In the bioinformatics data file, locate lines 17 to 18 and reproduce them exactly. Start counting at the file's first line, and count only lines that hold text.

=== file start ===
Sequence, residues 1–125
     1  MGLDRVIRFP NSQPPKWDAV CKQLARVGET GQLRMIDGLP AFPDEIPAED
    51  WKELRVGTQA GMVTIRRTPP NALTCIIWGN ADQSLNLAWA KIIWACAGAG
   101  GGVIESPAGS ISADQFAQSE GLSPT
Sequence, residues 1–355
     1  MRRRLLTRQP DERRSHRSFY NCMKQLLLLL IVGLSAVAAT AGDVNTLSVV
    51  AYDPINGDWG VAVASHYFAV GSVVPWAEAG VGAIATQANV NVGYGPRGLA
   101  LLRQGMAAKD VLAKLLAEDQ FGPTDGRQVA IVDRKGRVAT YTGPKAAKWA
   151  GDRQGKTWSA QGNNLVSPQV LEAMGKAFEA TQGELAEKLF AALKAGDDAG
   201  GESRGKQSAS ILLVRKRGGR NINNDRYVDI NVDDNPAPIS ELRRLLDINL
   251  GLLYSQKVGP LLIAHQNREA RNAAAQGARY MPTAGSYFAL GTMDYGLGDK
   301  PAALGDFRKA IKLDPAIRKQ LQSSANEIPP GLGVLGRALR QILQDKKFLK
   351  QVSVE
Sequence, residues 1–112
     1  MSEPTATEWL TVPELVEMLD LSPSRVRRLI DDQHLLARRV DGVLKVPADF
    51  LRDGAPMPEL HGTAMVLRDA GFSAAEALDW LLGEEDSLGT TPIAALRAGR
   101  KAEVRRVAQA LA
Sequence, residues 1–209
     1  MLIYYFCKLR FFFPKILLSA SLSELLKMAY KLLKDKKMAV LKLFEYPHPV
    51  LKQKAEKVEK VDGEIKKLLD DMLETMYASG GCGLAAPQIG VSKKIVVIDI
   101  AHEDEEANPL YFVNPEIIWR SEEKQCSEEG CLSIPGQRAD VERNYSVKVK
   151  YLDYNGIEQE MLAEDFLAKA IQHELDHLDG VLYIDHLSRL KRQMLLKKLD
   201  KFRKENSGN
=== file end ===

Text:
   101  KAEVRRVAQA LA
Sequence, residues 1–209